Needless to say, a gallows escape leads to a Pinkerton chase which results in a train robbery, which yields a new-fangled machine gun that a scummy bastard will kidnap one of the Bad Girls to get his hands on... Toss in a few photogenic young men (James LeGros & Dermot Mulroney) to act as love interests / perpetual rescuers, and a few ham-fistedly directed action scenes ... and all that's left is a finale as predictable as it is laughable.
Basically nobody escapes from the movie with their reputation intact. Ms. Stowe breaks out (maybe) three distinct emotions throughout the entire film; Barrymore's spit-valve dialogue delivery is as embarrassing as her curvy body is exploited; Masterson and McDowell wander about and do very little besides speak in strange accents. It's all a little embarrassing.
Even the most basic technical aspects of Bad Girls border on retarded. The musical score sounds like something ported over from an old episode of Fantasy Island, the editorial technique can charitably be described as scattershot and unfocused (count how many times the movie fades out and then fades back in on the exact same location), and for some hilarious reason, Mr. Kaplan opts to employ frequent doses of Leone-wannabe "zooooom-ins" that just sort of land upon the characters' glowering faces with the grace of a hungry mosquito.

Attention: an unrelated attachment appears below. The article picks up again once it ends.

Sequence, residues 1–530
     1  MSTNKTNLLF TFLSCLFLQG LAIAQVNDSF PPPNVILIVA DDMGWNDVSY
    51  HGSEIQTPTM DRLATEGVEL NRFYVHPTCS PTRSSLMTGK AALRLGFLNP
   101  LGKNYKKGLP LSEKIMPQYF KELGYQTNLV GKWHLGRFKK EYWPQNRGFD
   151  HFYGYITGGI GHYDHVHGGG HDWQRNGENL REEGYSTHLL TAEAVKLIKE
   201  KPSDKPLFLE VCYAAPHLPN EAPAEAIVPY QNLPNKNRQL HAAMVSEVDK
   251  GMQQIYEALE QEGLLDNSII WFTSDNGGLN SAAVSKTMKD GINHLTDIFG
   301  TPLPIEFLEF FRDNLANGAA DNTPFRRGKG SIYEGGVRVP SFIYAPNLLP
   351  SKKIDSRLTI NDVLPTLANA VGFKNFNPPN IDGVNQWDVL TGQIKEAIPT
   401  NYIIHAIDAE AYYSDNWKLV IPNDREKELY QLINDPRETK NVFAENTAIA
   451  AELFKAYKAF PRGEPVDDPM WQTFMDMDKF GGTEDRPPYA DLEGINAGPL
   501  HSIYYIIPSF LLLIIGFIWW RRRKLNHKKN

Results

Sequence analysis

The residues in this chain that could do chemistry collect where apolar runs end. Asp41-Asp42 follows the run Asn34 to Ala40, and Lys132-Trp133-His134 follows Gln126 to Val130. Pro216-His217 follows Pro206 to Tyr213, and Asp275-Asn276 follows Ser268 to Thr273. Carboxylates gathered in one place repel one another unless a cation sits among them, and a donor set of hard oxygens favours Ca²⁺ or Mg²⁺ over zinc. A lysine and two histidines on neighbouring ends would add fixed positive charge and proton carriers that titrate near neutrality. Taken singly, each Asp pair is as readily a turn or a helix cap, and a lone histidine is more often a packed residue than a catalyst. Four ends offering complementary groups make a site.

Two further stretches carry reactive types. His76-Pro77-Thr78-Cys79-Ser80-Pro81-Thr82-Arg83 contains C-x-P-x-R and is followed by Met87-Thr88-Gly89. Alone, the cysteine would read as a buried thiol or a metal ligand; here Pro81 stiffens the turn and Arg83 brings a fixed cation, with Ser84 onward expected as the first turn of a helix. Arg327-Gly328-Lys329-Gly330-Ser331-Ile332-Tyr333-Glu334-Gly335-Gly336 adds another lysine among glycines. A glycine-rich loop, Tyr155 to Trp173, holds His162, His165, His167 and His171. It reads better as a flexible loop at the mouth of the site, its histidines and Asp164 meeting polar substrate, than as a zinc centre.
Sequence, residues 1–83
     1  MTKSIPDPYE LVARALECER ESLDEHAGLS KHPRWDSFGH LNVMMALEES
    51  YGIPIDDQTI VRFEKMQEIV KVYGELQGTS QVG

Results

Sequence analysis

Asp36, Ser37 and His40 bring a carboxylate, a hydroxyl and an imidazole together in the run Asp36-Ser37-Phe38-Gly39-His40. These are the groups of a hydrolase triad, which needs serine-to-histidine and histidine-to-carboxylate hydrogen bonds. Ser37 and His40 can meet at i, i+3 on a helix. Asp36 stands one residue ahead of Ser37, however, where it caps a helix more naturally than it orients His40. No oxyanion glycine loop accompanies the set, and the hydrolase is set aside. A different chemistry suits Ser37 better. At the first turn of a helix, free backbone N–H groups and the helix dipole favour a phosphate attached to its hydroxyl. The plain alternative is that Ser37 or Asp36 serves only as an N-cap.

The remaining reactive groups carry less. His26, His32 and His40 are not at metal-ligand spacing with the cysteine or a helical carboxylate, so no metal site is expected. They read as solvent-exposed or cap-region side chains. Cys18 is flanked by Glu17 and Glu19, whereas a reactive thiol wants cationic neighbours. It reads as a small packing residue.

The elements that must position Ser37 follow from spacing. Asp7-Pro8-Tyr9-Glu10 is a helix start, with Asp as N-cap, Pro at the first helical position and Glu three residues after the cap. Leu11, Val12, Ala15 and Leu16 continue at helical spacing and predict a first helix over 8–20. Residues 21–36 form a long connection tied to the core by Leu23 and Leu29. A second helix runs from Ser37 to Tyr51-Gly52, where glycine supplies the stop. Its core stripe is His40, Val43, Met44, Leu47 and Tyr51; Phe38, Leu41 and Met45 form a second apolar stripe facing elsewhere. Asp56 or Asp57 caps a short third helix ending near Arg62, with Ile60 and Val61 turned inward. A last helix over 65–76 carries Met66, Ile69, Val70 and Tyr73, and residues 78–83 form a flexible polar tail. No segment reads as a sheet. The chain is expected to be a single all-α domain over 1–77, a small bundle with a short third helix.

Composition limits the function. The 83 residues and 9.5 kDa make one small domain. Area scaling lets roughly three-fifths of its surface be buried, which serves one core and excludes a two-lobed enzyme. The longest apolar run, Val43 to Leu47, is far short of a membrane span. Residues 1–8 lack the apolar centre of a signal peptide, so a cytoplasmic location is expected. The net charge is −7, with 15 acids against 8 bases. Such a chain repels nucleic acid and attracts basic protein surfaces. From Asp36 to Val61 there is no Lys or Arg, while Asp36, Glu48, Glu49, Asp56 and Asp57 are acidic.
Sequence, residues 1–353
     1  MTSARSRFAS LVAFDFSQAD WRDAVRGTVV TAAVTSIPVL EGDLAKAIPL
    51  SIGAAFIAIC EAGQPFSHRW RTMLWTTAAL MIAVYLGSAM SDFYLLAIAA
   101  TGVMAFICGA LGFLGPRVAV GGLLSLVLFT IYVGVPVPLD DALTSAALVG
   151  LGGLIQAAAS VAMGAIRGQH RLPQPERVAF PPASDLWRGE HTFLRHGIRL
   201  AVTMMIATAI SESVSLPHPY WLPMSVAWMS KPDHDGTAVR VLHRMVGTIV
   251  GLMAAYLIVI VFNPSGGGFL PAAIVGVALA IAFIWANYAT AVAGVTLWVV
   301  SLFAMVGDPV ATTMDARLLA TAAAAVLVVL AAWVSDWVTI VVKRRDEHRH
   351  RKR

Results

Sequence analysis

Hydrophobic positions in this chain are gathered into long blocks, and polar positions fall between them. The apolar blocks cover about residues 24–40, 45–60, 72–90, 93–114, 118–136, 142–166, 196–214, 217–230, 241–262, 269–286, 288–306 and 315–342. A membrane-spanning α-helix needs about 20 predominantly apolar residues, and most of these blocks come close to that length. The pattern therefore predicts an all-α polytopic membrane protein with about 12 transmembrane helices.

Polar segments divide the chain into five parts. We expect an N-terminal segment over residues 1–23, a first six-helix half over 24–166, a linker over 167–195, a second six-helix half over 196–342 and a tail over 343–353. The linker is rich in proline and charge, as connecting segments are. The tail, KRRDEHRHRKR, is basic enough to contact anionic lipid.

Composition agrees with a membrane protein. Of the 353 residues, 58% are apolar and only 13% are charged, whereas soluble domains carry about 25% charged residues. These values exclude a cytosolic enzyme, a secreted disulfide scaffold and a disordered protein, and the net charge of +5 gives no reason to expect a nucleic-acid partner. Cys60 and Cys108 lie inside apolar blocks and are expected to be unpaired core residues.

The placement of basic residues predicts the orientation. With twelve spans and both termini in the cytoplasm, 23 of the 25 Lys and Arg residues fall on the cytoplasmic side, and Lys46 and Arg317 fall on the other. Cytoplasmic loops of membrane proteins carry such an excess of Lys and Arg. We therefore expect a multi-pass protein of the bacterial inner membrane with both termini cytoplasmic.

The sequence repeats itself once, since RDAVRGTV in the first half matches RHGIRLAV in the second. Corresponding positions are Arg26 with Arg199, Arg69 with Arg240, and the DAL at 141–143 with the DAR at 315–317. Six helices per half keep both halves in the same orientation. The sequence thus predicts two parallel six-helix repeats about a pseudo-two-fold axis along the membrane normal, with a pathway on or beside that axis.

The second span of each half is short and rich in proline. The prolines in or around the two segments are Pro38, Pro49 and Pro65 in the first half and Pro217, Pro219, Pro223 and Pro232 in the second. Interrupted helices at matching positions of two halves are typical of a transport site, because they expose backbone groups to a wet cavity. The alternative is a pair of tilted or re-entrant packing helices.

And for all that complaining, there's still something that's just a little bit entertaining about Bad Girls -- not so much in spite of the movie's ineptitude, but kind of in tandem with it. Then again, I'm a sucker for Westerns of all shapes and sizes, and, yes, I sure can enjoy a pretty face when I see one. But don't dare try to tell me that Bad Girls is a movie that has women in mind, because that'd be a huge, silly joke. This is a movie made for guys who love the same old story told the same exact way ... only this one has boobies in it.
Oh, and speaking of boobies, this version of Bad Girls comes with the "unrated" banner across the DVD case. And in this case, "unrated" actually means "17 extra seconds of very brief & bare Barrymore boobage" -- as if that's some sort of obscure and rarely-seen commodity.
Video: Widescreen (1.85:1) anamorphic on side A, fullframe (1.33:1) bloat display on side B. Obviously the WS is the way to go, but don't expect anything resembling a flawless transfer. It's serviceable enough, for the most part, but there's also several print scratches and fuzz to be found as well.
Audio: Dolby Digital 5.1, French DD 2.0, and Spanish 2.0. Sound quality is pretty darn fine, despite the fact that all you're listening to is one of the worst Western screenplays ever written and a musical score that sounds like Hell's soundtrack.
Extras: A pair of Bad Girls theatrical trailers.
Women kicking ass in a Western movie is not an absurd or impossible idea ... but you'd never know it from watching this flick. Plus, any self-respecting Western that resorts to depicting the vaunted Pinkerton detectives as clueless dolts, just so its purportedly capable (but ultimately stupid) female heroes can ride off into the sunset, is no Western I want to spend another minute with.